During a White House meeting in February, US President Donald Trump said the nation needs to address what young people are seeing. His remarks came after the February 14 shootings at Stoneman Douglas High School in Parkland, Florida.
Trump’s words were soon dismissed by video game enthusiasts.
“I grew up playing video games, first-person shooter games and I would never, ever dream of taking the lives of any of my peers,” said one survivor from the Douglas High School shooting.
On the other side of the debate, voices advocating reform over how gun violence is depicted in video games and films have begun to surge throughout social media.
With different viewpoints vying for a position at the top when it comes to discussions on the issue, it still confuses both sides when asked what should be blamed for school shootings, guns or games?
Let’s answer this question with another and assume that gun law loopholes are the predominant influence in mass shootings, but does this make violent-themed video games harmless angels?
The answer is NO.
Set aside the contradicting viewpoints of psychologists and researchers for a moment and look at the characteristics that have come to define violent video games.
California law defines a violent video game as “a video game in which the range of options available to a player includes killing, maiming, dismembering, or sexually assaulting an image of a human being.”
Based solely on my upbringing, I can’t fathom how any of the aforementioned actions could be pleasant to watch.
Those who remain unopposed to violence-ridden video games cite studies that have found zero connection with actual violence. So does this mean that virtual violence is something we should tolerate?
Any video game which features a man hunting something or awards points for killing humans is in fact conditioning gamers to associate pleasure and success with their ability to cause pain and suffering to others.
A neighbor of Nikolas Cruz’s, the Douglas High shooter, told reporters that he would play video games for as much as 15 hours a day.
“It was kill, kill, kill, blow up something, and kill some more, all day,” the neighbor said.
When the significance of human life has been depleted, it is doubtful that perception would change in real life. However, not all mass shooters were video game addicts.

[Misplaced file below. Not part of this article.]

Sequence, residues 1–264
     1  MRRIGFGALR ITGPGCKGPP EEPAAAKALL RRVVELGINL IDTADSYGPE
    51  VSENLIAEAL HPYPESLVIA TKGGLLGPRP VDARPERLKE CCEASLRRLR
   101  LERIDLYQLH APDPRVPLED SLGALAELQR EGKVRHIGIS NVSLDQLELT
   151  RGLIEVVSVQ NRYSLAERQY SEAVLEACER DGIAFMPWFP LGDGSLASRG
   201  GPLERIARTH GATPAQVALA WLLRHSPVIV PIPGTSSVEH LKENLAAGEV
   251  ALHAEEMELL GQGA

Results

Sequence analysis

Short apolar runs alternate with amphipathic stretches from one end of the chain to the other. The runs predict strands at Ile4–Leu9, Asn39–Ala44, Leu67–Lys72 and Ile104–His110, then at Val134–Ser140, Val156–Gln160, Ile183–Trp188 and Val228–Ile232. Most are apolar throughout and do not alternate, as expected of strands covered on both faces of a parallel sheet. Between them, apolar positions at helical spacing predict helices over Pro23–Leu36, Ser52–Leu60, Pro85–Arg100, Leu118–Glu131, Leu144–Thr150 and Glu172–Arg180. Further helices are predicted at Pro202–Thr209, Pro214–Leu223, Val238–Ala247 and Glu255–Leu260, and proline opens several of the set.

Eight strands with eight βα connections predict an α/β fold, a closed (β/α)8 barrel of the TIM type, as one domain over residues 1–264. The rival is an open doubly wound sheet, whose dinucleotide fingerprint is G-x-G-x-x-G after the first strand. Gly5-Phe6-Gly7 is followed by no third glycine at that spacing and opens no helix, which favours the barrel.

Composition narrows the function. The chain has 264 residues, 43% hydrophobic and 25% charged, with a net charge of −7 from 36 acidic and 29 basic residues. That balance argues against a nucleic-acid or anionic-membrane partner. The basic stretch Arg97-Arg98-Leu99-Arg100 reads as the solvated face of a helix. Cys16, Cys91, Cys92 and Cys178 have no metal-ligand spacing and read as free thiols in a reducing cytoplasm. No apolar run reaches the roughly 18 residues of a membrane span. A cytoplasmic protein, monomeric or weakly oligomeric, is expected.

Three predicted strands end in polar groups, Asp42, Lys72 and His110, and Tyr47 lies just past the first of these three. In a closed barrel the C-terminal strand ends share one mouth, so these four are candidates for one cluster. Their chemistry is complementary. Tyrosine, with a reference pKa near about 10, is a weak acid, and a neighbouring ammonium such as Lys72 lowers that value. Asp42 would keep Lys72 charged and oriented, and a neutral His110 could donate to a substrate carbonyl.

Trump’s efforts to implement strict regulations against violent video games will not go as smooth as he would prefer. The American public is divided over the question of whether violent games inspire violent behavior.
According to a 2015 Pew Research Center survey, forty-nine percent of American adults play video games on a computer, television, console or portable device. While another 10 percent consider themselves to be “gamers.”
A large part of the video game population fosters a multi-billion dollar industry. When it comes down to profit and social opinion, money always wins.
Maybe a better question to ask is not WHAT can young people see, but HOW they see it.
Germany has implemented strict measure against video game violence, but as the majority of video games rely heavily on violence as a form of entertainment, the German government mandates that game developers use robot characters instead of humans within the games.
When a robot is shot, sparks fly out instead of blood and guts. When the robots are blown up, oil and machine parts fly everywhere rather than human limbs.
China has adopted a similar policy.
Unknown's “Battlegrounds” is a popular video game in China. In the game, when a character is shot, green fluid flows from its body.
It is believed Chinese authorities have ordered game developers to implement this change to minimize the visual effect of red flowing blood.
US media has reported that Trump will soon meet representatives from the Entertainment Software Association, the leading video game trade group to discuss the implementation of a video game rating system.
The move could be a healthy start for necessary change.